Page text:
It was fantastic to see that the key sponsors were all timber companies. Meyer Timber, Egger, Weathertex and Carter Holt Harvey Wood Products all set up displays to promote the range of timber options to the architects, builders, and people involved in the modular prefabricated (prefab) building industry.
The Hon Minister Lily D’Amrosio, Victorian Minister for Industry, opened the conference and it was refreshing to hear her mention my favourite words ‘innovation’ and ‘collaboration’ a number of times.
Minister D’Amrosio stressed in her opening words that the Victorian Government was committed to understanding more about the skills and complexity of prefab, and how it can assist in the development and enhancement of the industry. Reflecting
on the fact that prefab saves time, waste, and on-site disruptions – while also increasing work place safety – were key benefits outlined for the future of the construction industry, consequently enhancing productivity in the sector as well.
Innovation is the key to our future, and Minister D’Amrosio recognised that our sector has a well-trained eye for addressing opportunities for innovation. The Victorian Government wants to support new and enhancing manufacturing projects in Victoria, transferring the state’s industries across to new technologies and replacing traditional manufacturing jobs.
To facilitate this the Victorian Government has invested $200 million in to the Future Industries Fund for the advancement of food, fibre, and construction technologies. This provides fabricators with a great opportunity to consider the future of the construction industry, where our sector is headed, and how and when to invest in new technologies.
If the current predictions are correct, and Melbourne’s population increases to 8.4 million by 2056, now is the right time to focus on the opportunities in the multi-residential housing market.
Rob Adams, the Director of City Design at the City of Melbourne, followed Minister D’Amrosio and it was again refreshing to hear someone involved in planning recognise that the current planning scheme was ineffective, and needs to be thrown out and re-done to cater for the future.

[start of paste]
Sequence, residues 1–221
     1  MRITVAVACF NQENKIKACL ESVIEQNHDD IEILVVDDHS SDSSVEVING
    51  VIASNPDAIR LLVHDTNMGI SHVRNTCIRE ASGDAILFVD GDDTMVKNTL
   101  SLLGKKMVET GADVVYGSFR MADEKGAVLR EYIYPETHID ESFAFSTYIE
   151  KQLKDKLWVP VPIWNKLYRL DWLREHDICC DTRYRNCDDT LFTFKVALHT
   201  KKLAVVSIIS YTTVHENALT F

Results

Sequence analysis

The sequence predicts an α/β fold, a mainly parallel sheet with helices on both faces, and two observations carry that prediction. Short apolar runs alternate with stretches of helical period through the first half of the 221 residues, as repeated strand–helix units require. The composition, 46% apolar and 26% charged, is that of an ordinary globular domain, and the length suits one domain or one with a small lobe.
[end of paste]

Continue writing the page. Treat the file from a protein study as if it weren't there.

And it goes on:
The traditional planning methods are out of date and unless future planning is examined with innovative and fresh eyes, opportunities will be lost.
I was shocked at the conference when we were told that the Royal Adelaide Hospital is the third most expensive building in the world, with a staggering $2.1 billion building cost.
This compares to buildings such as just one of the two World Trade Centres ($US3.9 billion), the Romanian Palace of the Parliament ($US3 billion and 13 years to build), the Venetian’s 53 storey Palazzo ($US1.9 billion), London’s Shard building ($US1.9 billion), or the stunning Sheraton Huzhou Hot Spring Resort ($US1.5 billion). On top of these examples, the Gold Coast University Hospital wasn’t far away from the top 10.
The thought process behind building health care facilities needs to change, and it appears that the modular sector is definitely taking over this area. Catalogues with varying rooms, operating theatres, and bathrooms are available – and one presenter demonstrated how this method led to a full factory-built hospital being constructed from a handshake contract to completion within one year. In this instance I’m not even talking about a small regional hospital, but a 500 bed hospital.
There are supposedly opportunities for the Australian prefab industry to emulate the automotive industry and learn from them. I understand that process lines and lean manufacturing are important, but in Australia, our automotive industry is closing down as they cannot compete with imports.
If we go down the path of building all hospitals and multi-residential buildings in modular prefab formats, then what’s to say developers won’t begin importing these products from overseas and out-pricing our own home-grown industry.
Finally, the most frustrating thing for me about this conference was having people present on sustainable housing which uses concrete, steel, and aluminium. There needs to be a greater focus on the environmental benefits of timber. I had the pleasure of sitting with some of the steel representatives, who were wonderful people, however, their rhetoric that steel is one of the most environmentally friendly products is rubbish.
Yes, steel can always be recycled, but what about the fact that to create steel you first need to rip minerals out of the earth, which are not renewable, and every time you do recycle the product you create more carbon and massive amounts of energy is consumed.
Environmentally friendly my ***!
Finally, as I said at the start, collaboration was also mentioned and it is important for fabricators to recognise that connections are not only a key component to your business, with regards to the trusses and wall frames you manufacture, but also the business connections. All of which are pivotal to your future businesses success.
For more information contact Kersten Gentle on 0418 226 242.